One of the most interesting recent developments in weather information transmission has taken place with the Around Alone yacht race. Forecasts are created by the meteorologists at Commanders Weather. Then the forecast charts are converted into GRIB format, a digital set of data points that allows for graphical representation in a grid pattern overlay on a digital chart. The GRIB files are only about 5 K in size, allowing for relatively fast and inexpensive transmission over Comsat’s Standard C satellite system or any other system that allows for digital transmission of information. When the information has been received, KiwiTech software on board the vessel allows the data to be plotted over Navionics or Maptech electronic charts as a scaled overlay. Barbed arrows indicate wind speed and direction. Isobars, sea temp, current, and other variables can be displayed, and the weather can be animated over the duration of the forecast period. The software can perform a wide range of additional functions such as route optimization, instrument monitoring, and fleet tracking, to name a few. The route optimization is based on vessel performance characteristics and the digitized weather variables presented in GRIB format.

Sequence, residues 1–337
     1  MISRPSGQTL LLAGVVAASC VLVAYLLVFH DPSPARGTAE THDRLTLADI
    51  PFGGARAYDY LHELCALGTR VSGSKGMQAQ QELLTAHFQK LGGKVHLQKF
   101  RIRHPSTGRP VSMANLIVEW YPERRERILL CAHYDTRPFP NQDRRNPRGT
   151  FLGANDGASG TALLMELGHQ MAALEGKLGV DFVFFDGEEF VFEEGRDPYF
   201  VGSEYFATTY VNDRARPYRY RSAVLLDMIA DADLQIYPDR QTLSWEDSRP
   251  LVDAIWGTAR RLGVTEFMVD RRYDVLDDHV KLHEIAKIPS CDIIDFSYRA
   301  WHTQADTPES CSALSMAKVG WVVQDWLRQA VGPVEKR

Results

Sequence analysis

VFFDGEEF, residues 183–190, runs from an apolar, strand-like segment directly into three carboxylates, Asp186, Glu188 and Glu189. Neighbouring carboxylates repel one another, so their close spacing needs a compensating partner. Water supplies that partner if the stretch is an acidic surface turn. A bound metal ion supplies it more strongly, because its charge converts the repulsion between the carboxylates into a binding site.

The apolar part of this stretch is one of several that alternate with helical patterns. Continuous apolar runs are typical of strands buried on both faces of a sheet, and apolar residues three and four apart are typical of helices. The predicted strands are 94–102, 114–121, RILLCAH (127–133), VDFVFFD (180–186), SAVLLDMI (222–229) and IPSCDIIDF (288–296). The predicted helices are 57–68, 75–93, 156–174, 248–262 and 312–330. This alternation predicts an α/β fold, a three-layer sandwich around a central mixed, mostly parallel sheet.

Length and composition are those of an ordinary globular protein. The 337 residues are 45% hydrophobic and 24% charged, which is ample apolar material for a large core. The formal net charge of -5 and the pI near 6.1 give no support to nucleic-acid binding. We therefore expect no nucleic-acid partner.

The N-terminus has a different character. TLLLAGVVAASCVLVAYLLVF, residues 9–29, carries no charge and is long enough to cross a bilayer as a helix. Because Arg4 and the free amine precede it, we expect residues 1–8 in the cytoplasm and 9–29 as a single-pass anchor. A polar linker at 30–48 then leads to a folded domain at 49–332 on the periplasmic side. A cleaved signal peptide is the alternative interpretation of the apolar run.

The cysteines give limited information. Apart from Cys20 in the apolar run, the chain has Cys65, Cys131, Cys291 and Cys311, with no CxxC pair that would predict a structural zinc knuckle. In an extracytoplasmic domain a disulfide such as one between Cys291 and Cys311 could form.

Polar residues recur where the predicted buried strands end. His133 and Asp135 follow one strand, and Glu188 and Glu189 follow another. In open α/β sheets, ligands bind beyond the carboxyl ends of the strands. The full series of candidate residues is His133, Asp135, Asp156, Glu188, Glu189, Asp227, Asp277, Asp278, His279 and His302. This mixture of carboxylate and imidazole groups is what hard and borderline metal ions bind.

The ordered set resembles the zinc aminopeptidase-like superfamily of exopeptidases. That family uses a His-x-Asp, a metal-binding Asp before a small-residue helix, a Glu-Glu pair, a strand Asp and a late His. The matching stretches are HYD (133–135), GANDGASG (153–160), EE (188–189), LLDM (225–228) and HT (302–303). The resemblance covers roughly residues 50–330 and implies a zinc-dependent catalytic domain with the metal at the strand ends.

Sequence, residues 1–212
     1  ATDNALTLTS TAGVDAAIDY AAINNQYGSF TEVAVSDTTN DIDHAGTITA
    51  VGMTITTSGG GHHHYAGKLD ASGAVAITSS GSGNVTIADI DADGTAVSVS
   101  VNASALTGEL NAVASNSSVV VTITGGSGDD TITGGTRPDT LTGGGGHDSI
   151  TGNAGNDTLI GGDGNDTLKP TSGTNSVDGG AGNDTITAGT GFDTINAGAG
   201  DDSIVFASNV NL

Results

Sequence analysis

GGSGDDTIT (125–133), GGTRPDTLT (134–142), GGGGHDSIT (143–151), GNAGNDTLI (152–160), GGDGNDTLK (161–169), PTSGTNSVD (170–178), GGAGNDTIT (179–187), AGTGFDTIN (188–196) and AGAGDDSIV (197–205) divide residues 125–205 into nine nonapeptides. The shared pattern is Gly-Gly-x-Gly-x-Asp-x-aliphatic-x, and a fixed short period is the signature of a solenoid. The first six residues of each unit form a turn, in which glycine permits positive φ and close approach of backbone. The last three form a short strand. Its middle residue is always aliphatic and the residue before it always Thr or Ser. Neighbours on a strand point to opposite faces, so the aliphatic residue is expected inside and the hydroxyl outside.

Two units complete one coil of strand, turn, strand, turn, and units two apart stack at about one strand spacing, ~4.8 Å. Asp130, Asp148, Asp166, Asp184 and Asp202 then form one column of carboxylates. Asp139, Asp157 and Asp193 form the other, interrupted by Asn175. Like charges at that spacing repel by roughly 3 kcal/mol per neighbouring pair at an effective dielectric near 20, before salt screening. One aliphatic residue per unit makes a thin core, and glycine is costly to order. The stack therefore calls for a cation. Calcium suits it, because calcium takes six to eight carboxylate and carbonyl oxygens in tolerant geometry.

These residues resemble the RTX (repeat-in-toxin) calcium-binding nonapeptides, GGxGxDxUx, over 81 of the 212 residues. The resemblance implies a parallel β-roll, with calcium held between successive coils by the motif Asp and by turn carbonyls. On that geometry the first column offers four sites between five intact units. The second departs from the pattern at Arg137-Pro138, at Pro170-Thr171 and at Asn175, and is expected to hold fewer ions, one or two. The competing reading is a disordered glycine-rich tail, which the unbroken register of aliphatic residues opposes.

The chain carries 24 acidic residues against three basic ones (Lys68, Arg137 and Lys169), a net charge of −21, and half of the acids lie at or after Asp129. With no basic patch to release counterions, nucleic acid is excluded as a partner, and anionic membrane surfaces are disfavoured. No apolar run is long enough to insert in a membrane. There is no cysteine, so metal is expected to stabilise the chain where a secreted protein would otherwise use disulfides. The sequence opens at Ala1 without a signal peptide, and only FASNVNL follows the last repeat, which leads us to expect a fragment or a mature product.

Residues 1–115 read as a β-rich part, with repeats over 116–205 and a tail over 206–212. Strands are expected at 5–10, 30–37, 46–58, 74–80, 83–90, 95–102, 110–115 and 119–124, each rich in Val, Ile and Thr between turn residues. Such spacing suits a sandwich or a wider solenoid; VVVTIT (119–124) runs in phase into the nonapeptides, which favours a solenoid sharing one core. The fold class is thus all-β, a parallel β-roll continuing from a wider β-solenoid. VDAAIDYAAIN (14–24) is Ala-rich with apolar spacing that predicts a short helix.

Naturally, there is a cost associated with these services. But such custom services can be surprisingly inexpensive. Transoceanic delivery packages cost between $200 and $250 and include routing suggestions as well as several phone consultations while the vessel is at sea. Communications charges are not included.
Consider for a moment what weather-related damage can cost. Custom weather forecasting could very well be the perfect example to prove the saying: An ounce of prevention is worth a pound of cure.